Fuel Prices Hit Hybrid Sweet Spot in Canada

fuel prices hit hybrid sweet spot in canada

For the last two weeks, Canadian gas prices have hovered between $1.36/L and $1.47/L. In American terms, that's roughly $5.60/gallon. CTV News is reporting that this price level looks like the sweet spot for the average Canadian hybrid driver; that is to say, the point at which the long-term savings from lower fuel consumption outweigh the up-front savings from buying a conventional petrol-only vehicle. The finding is based on a study conducted by the British Columbia Automobile Association (BCAA). They projected operating costs for 13 hybrids (versus their respective, conventional ICE brethren) over five years, assuming 20,000 km driven/year. The result: seven out of 13 hybrids were cheaper to operate. Leading the way: the Honda Civic Hybrid. The gas – electric whip cost some $4k less to run than its petrol-powered counterpart. Notable by its presence, the Prius was compared to the Matrix and came out… second. The Prius cost $86 more to operate over five years. Unfortunately, the study focused primarily on sticker pricing (meaning the domestics, which don't sell anything for sticker, were again disadvantaged), and didn't include depreciation. So… what?

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  • Serpico Serpico on Jun 25, 2008

    I still see more gas guzzlers on the road here in Vancouver than Prius or hybrids. We always had a love for Civic's and small cars, so nothing new to say. A neighbor just picked up a big ass V8 Tundra, so gas prices isn't changing some peoples' minds. Just drive less if you can and drive differently that's all.

  • Brendon from Canada Brendon from Canada on Jun 25, 2008

    psarhjinian - My point was more that I find the decision making process backwards for these issues. I often find people (especially parents) looking for vehicles that will swallow "X" stroller; given the relative price points, it seems to me that you might be better suited looking for a stroller to fit "X" car, given that the total cost of ownership of a car is significantly more expensive then the stroller (and is obviously an ongoing cost). I've also come across many parents that need "X" huge SUV in order to install 3-across car seats; no reason why you can't by smaller (and slightly more expensive and safer!) car seats that fit 3 across in a regular sized car/SUV. (Disclaimer: I have no problem with large SUVs, and am considering buying one for fun myself, I just don't see the need to justify their existence when you can do a weekend away with a baby using nothing more then a Mini Cooper!) For what it's worth, I would have grabbed the Fit as well - I simply find it's extremely useful packaging - as you said, smaller but more useable space! wstansfi - we currently have a lime green Quinny Zapp (I think that's the name); you can actually probably fit 2 of them into the trunk! There are a number of models that fit into the Mini, and this is actually one of the smaller ones. We have enough room to throw few groceries or an overnight bag in as well. As long as you are pushing on pavement, it's a great travel stroller as well (comes with should strap carry bag). Another alternative is to use a backpack - we have a relatively cheap one that fits into the overhead compartment on airplanes that we use when travelling.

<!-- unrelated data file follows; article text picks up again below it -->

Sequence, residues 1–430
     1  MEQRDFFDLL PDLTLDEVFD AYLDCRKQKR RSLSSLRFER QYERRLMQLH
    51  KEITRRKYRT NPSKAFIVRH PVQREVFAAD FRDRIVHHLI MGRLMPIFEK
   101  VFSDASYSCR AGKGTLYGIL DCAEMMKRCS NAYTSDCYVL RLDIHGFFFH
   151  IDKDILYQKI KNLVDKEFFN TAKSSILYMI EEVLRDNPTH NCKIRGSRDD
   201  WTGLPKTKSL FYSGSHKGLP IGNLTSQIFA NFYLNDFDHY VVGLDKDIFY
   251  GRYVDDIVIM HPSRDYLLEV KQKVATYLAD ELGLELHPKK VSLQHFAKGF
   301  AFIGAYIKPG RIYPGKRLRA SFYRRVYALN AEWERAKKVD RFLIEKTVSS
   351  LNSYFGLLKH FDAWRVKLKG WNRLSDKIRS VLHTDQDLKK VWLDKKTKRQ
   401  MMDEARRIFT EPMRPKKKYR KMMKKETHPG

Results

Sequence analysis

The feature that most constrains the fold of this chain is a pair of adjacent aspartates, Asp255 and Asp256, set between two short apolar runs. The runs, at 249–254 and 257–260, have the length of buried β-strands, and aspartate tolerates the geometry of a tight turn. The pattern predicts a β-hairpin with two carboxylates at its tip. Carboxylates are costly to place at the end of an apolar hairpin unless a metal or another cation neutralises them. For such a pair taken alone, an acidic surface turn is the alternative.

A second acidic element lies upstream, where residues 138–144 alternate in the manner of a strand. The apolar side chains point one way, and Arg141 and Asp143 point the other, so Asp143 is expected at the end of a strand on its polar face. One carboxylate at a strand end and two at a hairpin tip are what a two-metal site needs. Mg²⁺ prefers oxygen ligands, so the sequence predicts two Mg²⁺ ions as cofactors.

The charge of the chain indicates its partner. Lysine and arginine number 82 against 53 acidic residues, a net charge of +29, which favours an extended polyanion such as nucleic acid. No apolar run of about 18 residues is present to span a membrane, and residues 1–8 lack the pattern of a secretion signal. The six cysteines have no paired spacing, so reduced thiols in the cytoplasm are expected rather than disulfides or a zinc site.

• Psarhjinian Psarhjinian on Jun 25, 2008

    Brendan, The stroller (or wheelchair) metric, on it's own, is useless because you're right about the price points. The thing is, a stroller is a good acid test of the usefulness of the trunk to a young family, much like suitcases or golf-bags are to older, more wealthy buyers.** If you cannot fit your stroller in the trunk easily, or it eats most of the space, you can be assured that there will come a day in the near future (probably in a mall parking lot or just before a family vacation) when you'll curse the car. ** it always bugs me that most magazines rate trunks by golf- or grocery bags. Grocery bags are easy (unless you drive a Sky) and golf bags are only the concern of Mercedes or Buick drivers. :P

  • Brendon from Canada Brendon from Canada on Jun 25, 2008

    psarhjinian, While I understand the point you are trying to make, I don't agree with your assessment. A stroller that can't fit in your trunk could just as easily represent a poor stroller design (i.e., as an extreme example, a non-foldable stroller will fit in few, if any, trunks!). I will concede that there is (what certain people would consider) a trade-off; simply the ability to carry additional goods; I just question the value of these goods in comparison to the initial (and on-going) costs of a vehicle. Naturally, everyone has their particular desires - which is what makes our free market so great! Oddly enough, I'm in an unusual position of actually paying attention to the golf bag numbers from manufacturers; I'm far from an avid golfer (nor a Buick or Merc shopper!), but I do need to carry clubs to entertain clients, so it's actually useful to me (though most of the time, I wish it wasn't!), though I suppose a roof box would work just as well... hmmmm....

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